In fact, the Law of Love is so much more difficult to keep that it’s humanly impossible. This kind of love is only possible through the supernatural love of God, which we find in Jesus.

Love should be the main motivation for every Christian’s every action, with God’s love being manifested in loving deeds to help meet others’ physical and spiritual needs. “For the love of Christ compels us” (2 Corinthians 5:14).


Copyright © Activated Magazine. All rights reserved.


Follow Me!

And I will make you fishers of men (Matthew 4:19)

David Brandt Berg

free-bible-studies-online-anchorWhen Jesus walked by the seashore, He called to the fishermen who had just caught the biggest, most miraculous catch of their lives, “Come now and follow Me!” (Matthew 4:19) It was as if He said, “That’s the most fish you’ll ever catch; that’s the ultimate! So you might as well come with Me now, and I’ll teach you how to catch something better.”

“And Jesus, walking by the Sea of Galilee, saw two brethren, Simon called Peter, and Andrew his brother, casting a net into the sea: for they were fishers. And He saith unto them, Follow Me, and I will make you fishers of men. And they straightway left their nets, and followed Him. And going on from thence, He saw … James and John his brother, in a ship with Zebedee their father, mending their nets; and He called them. And they immediately left the ship and their father, and followed Him.” (Matthew 4:18–22)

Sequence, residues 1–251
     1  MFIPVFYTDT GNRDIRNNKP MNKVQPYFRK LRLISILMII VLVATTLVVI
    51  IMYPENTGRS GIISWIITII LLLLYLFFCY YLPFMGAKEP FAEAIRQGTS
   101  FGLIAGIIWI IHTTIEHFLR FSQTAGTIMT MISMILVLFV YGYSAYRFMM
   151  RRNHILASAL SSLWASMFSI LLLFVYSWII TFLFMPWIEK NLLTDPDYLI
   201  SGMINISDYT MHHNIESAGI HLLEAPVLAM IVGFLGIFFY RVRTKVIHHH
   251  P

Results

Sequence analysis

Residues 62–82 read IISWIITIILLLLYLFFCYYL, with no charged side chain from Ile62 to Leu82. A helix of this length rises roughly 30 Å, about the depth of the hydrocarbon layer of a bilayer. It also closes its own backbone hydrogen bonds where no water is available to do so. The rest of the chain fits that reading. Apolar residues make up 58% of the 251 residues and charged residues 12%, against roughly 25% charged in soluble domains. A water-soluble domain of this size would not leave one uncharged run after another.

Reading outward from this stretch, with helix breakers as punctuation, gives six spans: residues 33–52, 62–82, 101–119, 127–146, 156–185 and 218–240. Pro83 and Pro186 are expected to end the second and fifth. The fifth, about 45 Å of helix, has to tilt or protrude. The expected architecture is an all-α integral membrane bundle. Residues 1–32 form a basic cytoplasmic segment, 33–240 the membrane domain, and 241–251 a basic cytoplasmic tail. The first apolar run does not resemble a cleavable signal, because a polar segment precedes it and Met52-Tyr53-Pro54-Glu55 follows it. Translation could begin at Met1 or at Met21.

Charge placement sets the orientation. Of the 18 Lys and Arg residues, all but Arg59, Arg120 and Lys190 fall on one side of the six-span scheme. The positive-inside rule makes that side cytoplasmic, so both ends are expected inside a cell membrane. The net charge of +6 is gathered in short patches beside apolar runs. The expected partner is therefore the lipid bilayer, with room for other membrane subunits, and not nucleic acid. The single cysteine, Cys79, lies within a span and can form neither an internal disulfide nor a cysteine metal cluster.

They had such great faith that they forsook all and followed Jesus! How could they follow this stranger and His motley crew? Because He spoke the truth and they felt it was the very voice of God. Those stinking sons of fishermen wandered off with a perfect stranger and made history that has helped to save millions of souls for eternity! Isn’t it ridiculous now to compare those few fish, a boat, and a business with the millions of immortal souls who have been saved for eternity through the decision of those fishermen to put God first that day, drop everything, forsake all, and follow Jesus? Now that we can see the results, it’s easy to know they made the right choice.

It costs something to serve the Lord. He says, “Thou shalt love the Lord thy God with all thy heart, and with all thy soul, and with all thy mind. And thy neighbor as thyself.” (Matthew 22:37–40) He says these are the first and greatest of all the commandments in importance, and that you shall have no other gods before Him, for He is a jealous God. (Exodus 20:3–5) He desires your love and for you to love Him first of all, above all, and to seek first His kingdom.

A powerful sample of commitment and dedication and living for Jesus speaks louder and clearer than the sermons you may be preaching. This is often what will challenge and thrill and encourage and inspire others, when they see a dedicated, wholehearted example, and realize that you’re happy serving the Lord. After all, most people want something that is worth living for as well as worth dying for! As my mother used to say, “I’d rather die for something than live for nothing!” Are you looking for a challenge to really be able to give your life and yourself to something worthwhile? Why settle for something halfway and mediocre?

Don’t be like the rich young ruler, who came running to Jesus sincerely seeking answers, to whom Jesus said, “Go and sell all that you have and give it to the poor, and come, take up the cross and follow Me, and you shall have treasure in heaven.” (Matthew 19:21) When the young man heard this, it says that he went away sorrowful, for he had great possessions.